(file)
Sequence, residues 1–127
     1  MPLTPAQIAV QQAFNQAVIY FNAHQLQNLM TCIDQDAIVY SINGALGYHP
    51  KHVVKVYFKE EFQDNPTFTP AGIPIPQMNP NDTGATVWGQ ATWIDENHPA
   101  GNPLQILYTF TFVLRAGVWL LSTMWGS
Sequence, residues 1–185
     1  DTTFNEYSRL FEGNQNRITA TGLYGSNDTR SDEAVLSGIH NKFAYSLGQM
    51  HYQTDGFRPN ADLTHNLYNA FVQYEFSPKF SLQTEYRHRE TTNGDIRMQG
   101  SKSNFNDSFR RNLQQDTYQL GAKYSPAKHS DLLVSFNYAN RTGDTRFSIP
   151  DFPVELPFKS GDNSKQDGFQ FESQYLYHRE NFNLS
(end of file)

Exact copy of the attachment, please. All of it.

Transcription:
Sequence, residues 1–127
     1  MPLTPAQIAV QQAFNQAVIY FNAHQLQNLM TCIDQDAIVY SINGALGYHP
    51  KHVVKVYFKE EFQDNPTFTP AGIPIPQMNP NDTGATVWGQ ATWIDENHPA
   101  GNPLQILYTF TFVLRAGVWL LSTMWGS
Sequence, residues 1–185
     1  DTTFNEYSRL FEGNQNRITA TGLYGSNDTR SDEAVLSGIH NKFAYSLGQM
    51  HYQTDGFRPN ADLTHNLYNA FVQYEFSPKF SLQTEYRHRE TTNGDIRMQG
   101  SKSNFNDSFR RNLQQDTYQL GAKYSPAKHS DLLVSFNYAN RTGDTRFSIP
   151  DFPVELPFKS GDNSKQDGFQ FESQYLYHRE NFNLS